. . . your father is merciful

Just this week, this story from the UK caught my attention, if only for the stark quality of the reporting of the offences and the judgement. It’s worth reading if only to realise that we do not live in a world marked by the quality of mercy.

Chris Huhn and Vicky Price have done wrong, inarguably – ‘THEREFORE they must pay the price’.

It is the remorseless logic of this Sequitur that the Law demands. Judgement without mercy.

Recently I’ve taken much time to consider Peter. In some respects he is my patron Saint – with his at times almost comedic attempts to get it right and his lack of the classic virtues. Lent, when we look at the reality of our lives is a time I keep coming back to Peter.

Of course we all know of Peter’s gravest error, that he denies Jesus three times. The early church agonised for years over those who publicly disowned Jesus when faced with the possibility of death. Thus revealing that the denial is not to be dismissed as some adolescent overexuberance on the Chief Apostle’s part. Jesus’ restoration of Peter is no mere pat on the head, understanding ‘that we all make mistakes’. This is a Grave offence. Which reveals that Jesus’ actions towards Peter as in our terms frankly scandalous.

However much we try and psychologise the interchange between Jesus and Peter – ‘of course he had punished himself enough’- the fact is that there is NO punishment. Most interestingly Jesus does not even demote him. Jesus knows he cannot trust Peter, but then he knows what is in a man. He appointed him knowing he would fail him. And having asked ‘are you still on board? Are you still following?’ – reinstates him to his position of Chief Shepherd – he doesn’t even take away the privelege of martyrdom, which Peter has scorned.

What is clearly not central here are Peter’s quality as a leader, however much many ‘biblical sermon series on heroes of faith’ try and project our Ideals onto this and other frail humans. As has been remarked over and over again, by our criteria Jesus’ choice of those who will carry his mission into the world makes no sense at all.

WE would chose better, and having made such judgements, the price of failure, of not being what Our judgement had suggested those chosen actually were, would be demotion. What church leader, when fallen from Grace, is reinstated? The judgement of those who called him, or her, are shown to be faulty . . . the chosen one pays the price. Our failure of judgement is laid on the one we called.

No, what is central is not a quality in Peter. Jesus hasn’t seen something in Peter which we could see as well if only we tried hard enough. No. What is Central – indeed the only thing that matters is the call of Jesus. That is all. Peter IS unqualified – that is clear and only becomes more so. His only qualification that matters is the call of Jesus, and this endures after all the other ‘qualifications’ are shown to be straw.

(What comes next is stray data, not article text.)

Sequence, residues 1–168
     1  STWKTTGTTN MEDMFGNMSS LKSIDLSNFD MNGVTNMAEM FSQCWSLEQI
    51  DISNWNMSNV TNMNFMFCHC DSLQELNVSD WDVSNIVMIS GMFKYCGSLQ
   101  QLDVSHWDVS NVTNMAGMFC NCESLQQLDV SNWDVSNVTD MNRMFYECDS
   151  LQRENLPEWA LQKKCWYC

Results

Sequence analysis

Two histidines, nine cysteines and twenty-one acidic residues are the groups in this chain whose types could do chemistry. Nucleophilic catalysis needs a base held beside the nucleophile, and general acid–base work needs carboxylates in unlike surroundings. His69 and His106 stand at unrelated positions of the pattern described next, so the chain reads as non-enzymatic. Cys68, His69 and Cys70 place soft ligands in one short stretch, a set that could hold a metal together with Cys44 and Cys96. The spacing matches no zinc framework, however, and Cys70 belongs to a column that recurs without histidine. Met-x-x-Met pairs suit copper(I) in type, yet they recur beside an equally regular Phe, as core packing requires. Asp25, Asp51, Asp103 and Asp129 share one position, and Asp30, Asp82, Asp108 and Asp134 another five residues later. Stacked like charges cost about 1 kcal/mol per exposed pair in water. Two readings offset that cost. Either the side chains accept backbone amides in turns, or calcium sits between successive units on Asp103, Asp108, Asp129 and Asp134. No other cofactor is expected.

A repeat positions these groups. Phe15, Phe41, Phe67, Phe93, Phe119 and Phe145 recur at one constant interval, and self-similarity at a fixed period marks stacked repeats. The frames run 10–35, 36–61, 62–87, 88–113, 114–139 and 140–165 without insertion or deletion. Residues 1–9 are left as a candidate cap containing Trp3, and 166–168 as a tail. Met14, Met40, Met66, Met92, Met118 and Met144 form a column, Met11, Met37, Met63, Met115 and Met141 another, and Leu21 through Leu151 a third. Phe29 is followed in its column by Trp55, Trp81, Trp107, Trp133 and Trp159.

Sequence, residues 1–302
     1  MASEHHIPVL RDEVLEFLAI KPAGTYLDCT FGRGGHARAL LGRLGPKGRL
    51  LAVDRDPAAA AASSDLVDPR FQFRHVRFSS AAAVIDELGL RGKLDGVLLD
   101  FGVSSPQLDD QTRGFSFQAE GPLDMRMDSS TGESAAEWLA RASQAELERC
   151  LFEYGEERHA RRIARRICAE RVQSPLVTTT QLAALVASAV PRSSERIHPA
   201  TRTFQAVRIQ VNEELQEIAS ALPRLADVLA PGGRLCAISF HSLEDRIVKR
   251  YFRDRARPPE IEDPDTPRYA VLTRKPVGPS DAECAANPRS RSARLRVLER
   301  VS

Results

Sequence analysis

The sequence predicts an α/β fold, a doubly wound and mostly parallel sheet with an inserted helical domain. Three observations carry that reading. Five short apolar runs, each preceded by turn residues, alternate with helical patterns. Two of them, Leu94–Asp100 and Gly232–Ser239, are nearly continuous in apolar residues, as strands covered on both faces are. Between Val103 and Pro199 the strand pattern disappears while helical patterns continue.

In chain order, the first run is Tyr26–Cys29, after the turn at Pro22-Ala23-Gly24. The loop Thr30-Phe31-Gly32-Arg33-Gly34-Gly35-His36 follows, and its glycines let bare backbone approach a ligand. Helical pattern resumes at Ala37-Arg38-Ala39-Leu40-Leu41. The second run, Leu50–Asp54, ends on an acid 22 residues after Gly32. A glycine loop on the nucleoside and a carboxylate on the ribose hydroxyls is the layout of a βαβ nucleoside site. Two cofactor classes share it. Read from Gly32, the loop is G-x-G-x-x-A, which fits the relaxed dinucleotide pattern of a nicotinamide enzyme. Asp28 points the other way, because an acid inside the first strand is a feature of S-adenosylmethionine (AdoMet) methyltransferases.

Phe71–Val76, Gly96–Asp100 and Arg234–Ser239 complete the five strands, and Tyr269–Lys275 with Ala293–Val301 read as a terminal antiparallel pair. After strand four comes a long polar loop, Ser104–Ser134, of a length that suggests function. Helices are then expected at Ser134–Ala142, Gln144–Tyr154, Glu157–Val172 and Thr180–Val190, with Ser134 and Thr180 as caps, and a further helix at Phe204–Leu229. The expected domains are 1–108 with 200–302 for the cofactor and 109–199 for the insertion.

In the case of Chris Huhne and Vicky Pryce, there is no reinstatement for ‘the guilty pair’ – no-one says to them ‘neither do I condemn you. Go now and leave your life of sin’. All there is is the remorseless logic of the law, tempered by . . . nothing. They had high office, we expected better, they must pay the price . . . Of course as the elections in the Vatican remind us, Peter’s office was even higher

At the heart of the Christian faith is a dead Jew on a Roman Cross. In just a few days now we will stand before this cross. Perhaps for the first time today, one of the most significant messages that the Cross of Christ conveys to the World struck me. That is that Judgement itself is Judged and found utterly wanting. The death of the one who had no sin, for all its metaphysical overtones, in its starkness reveals that human judgement is itself only an instrument of death. That the only one who is not worthy of death is judged to be worthy of death by the world, says everything.

Of course, if Christians started to truly treat one another with the sort of mercy that Jesus showed Peter – reinstating fallen leaders, throwing parties for Prodigals, then of course we would in all likelihood lose much if not all of our credibility in the world.

But then when you think about it, the idea that the Creator of the Universe hangs on a Cross, to reveal his utter mercy. That on the third day he rose from the dead and began the work of reinstating and restoring all those who had so publicly humiliated him – is itself not credible. Perhaps that’s why we continue to judge and so be judged. We don’t really believe, that it’s true. ‘People Do need to be punished, they must pay the price’. We don’t believe the fundamental doctrine of our faith, the Jesus has paid the price.

If it really IS true however that the Chosen one pays the Price – then perhaps we might see the world differently. If the punishment Has really been laid on Him, then Jesus’ re-instatement of Peter is actually not the most incredible thing – rather the Divine Sequitur of mercy is the only possible response. It’s all that’s left. The price has been paid.

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